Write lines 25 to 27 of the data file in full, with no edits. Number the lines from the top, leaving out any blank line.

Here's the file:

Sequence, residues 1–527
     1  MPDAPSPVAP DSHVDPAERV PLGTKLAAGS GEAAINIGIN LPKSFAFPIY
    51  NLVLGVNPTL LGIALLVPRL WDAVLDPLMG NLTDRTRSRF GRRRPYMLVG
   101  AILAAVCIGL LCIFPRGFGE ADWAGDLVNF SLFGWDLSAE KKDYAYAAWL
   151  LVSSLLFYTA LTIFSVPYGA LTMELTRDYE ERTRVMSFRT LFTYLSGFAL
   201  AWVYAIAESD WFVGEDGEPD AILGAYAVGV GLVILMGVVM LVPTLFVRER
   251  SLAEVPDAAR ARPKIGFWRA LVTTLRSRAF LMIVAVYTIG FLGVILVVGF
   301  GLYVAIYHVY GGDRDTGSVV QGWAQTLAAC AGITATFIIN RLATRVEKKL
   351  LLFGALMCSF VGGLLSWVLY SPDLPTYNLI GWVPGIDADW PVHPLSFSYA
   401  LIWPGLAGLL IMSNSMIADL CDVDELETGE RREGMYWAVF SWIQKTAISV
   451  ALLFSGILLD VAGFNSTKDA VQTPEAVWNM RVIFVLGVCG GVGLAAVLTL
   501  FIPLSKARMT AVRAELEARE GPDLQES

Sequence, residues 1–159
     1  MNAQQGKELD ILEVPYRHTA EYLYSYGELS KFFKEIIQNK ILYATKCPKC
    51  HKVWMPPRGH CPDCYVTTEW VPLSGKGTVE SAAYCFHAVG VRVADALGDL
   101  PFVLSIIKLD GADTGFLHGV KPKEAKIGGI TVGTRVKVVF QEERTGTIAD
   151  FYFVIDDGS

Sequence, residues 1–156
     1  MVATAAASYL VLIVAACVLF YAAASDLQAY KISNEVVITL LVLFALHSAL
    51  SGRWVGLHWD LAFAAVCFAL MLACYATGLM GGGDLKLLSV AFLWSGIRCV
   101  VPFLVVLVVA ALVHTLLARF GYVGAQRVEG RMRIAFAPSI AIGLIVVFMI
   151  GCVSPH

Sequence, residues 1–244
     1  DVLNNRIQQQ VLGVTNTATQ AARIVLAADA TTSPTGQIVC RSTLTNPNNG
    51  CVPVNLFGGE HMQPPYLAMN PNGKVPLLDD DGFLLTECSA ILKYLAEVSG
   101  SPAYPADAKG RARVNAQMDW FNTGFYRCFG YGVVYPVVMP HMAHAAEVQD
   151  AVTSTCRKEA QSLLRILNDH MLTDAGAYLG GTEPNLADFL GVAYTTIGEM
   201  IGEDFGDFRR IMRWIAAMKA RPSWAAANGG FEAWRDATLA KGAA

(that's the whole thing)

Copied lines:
    51  CVPVNLFGGE HMQPPYLAMN PNGKVPLLDD DGFLLTECSA ILKYLAEVSG
   101  SPAYPADAKG RARVNAQMDW FNTGFYRCFG YGVVYPVVMP HMAHAAEVQD
   151  AVTSTCRKEA QSLLRILNDH MLTDAGAYLG GTEPNLADFL GVAYTTIGEM